By Quaid jmi
As the second alliance government of the BJP-Shiv Se combine, formed in Maharashtra after a brief period of bickering between the partners of 25 years, completes 75 days in power Friday, it is clear that the Shiv Se has sharpened its attack on the BJP.
The short journey since December 5 has already proven to be too long, and in large measure, quite irritable for senior partner BJP, thanks to the unending supply of Shiv Se's poisoned darts mercilessly fired through its party mouthpiece - Saama and Dopahar Ka Saama - in Marathi and Hindi respectively.
Since the days of the founder-patriarch of the Shiv Se, the late Bal Thackeray, all political parties dreaded his barbs - both verbal and through the edit columns of the two dailies.
The trend continues ubated, but seems to hurt its coalition partner Bharatiya Jata Party now more than ever before almost as if Saama has donned the role of 'the main opposition' in Maharashtra.
In recent times, Shiv Se, through Saama, has been at the forefront of criticizing senior BJP leaders, from Prime Minister rendra Modi, BJP president Amit Shah, certain cabinet ministers, Chief Minister Devendra Fadvis and select team members, as well as the BJP brand of politics.
The party did not shy away from commenting on Modi's controversial monogrammed suit which is now up for auction, the centre's economic policies, taking foreign VVIPs to Gujarat in a bid to overshadow Maharashtra or even the BJP's planned adventure in the ongoing Bihar political crisis.
The latest dart virtually compelled Union Minister of State for Minority Affairs Mukhtar Abbas qvi to clarify in Mumbai recently that the BJP was "keeping off" the affairs in Bihar and would wait for the elections to secure the peoples' mandate.
The story is the same in Maharashtra where it bitterly criticized plans to carve out a separate Vidarbha state - the BJP's declared agenda in pursuance of its small states policy, an alleged move to sever Mumbai and reducing its economic importance and the latest on crime situation following the brutal attack on senior Communist leader Govind Pansare in Kolhapur this week.
The last one also hit the bull's eye as Fadvis happens to wield the critical home portfolio.
A state BJP leader, requesting anonymity, conceded that the Shiv Se barbs through its mouthpieces "hurt badly", but there was little it could do, as other larger issues like freedom of expression and media were involved.
"Everybody has a right to air grievances, but in appropriate forums. At various levels, we have requested the Shiv Se leadership to take us into confidence before going public with its grievances," the BJP leader said.
In recent weeks, however, some BJP leaders have also hit back at the Shiv Se in their individual capacity, much to the latter's constertion and the glee of the left-over opposition parties.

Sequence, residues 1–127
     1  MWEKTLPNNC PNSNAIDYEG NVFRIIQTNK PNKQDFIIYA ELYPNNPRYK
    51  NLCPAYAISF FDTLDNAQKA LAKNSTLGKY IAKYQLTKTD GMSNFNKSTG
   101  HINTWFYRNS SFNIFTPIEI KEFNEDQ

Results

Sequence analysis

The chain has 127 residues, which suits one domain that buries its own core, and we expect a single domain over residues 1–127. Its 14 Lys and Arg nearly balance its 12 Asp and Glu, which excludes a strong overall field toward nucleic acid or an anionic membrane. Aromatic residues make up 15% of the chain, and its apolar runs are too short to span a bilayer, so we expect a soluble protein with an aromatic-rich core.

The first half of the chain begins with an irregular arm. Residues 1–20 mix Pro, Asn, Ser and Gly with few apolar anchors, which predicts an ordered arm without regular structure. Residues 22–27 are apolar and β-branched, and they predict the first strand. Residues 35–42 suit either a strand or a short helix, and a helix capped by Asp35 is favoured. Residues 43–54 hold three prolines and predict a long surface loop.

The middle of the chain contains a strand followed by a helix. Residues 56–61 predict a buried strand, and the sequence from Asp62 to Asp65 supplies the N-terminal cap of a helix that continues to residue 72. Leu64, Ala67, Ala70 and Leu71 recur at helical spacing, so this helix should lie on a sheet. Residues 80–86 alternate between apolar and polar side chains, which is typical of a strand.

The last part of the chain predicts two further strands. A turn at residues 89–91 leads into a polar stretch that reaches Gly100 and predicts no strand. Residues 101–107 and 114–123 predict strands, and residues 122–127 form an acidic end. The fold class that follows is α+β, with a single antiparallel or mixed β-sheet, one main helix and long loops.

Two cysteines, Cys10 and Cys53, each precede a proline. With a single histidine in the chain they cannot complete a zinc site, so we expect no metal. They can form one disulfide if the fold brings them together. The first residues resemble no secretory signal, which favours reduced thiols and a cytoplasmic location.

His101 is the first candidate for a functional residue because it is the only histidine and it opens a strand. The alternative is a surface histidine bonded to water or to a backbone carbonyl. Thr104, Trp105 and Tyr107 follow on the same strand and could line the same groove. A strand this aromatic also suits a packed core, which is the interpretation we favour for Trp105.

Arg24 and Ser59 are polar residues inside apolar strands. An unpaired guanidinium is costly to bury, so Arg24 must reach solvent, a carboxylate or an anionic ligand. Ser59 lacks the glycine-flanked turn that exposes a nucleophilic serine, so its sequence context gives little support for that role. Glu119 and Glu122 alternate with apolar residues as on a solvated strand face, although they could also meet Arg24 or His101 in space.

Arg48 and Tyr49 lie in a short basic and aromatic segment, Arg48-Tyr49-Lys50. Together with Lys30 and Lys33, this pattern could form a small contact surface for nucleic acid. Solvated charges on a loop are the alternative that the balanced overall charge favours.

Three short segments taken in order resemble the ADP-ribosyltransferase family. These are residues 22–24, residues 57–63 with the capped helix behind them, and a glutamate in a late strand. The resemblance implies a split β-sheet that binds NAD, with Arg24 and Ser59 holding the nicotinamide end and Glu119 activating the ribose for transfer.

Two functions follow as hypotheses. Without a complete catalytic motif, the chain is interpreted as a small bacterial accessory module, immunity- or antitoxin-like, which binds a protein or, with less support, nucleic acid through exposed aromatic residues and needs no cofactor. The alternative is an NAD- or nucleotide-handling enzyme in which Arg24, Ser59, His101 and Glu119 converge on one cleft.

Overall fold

For instance, after the Se's bitter criticism of Modi recently over the debacle in the Delhi elections, a couple of senior BJP leaders disgustedly asked its partner to "first quit government before criticizing" the prime minister.
The Shiv Se's proposal to revive Mumbai's legendary night-life and its 24x7 entertainment, put forth by youth leader Aditya Thackeray, attracted BJP opposition with advice to include even vada-paav and paav-bhaji vendors in the proposition.
BJP state spokesperson Madhav Bhandari termed 'Saama' as "behaving like a self-appointed Leader of Opposition", and said its displeasure has been expressed to the Shiv Se in private and public.
"We are clear this (alliance) is an 'adjustment' only to run the government, nothing else... In the past 15 years or so, views were aired through its in-house media, it continues even now... It appears to be a planned strategy on their part," Bhandari told IANS.
Ostensibly attempting to provide an altertive platform to Shiv Se to air its views and grievances, the BJP has set up a 'Co-ordition Committee' between the two parties - something that existed during the previous Congress-tiolist Congress Party regimes.
But the BJP's honourable intention has not escaped the stick even on this count as ally Republican Party of India chief Ramdas Athawale vociferously demanded that all the other smaller parties in the 'Grand Alliance' must be included in the Co-ordition Committee.
"The BJP must not take its allies for granted in this manner... They must remember Delhi example... The masses have other options available now... The smaller allies should not be dismisses casually," RPI spokesperson Mayur Borkar commented on the frustrations experienced by the party.
Now, watch out for the next edition of the Saama and Dopahar Ka Saama. IANS
(Quaid jmi can be contacted at email@example.com)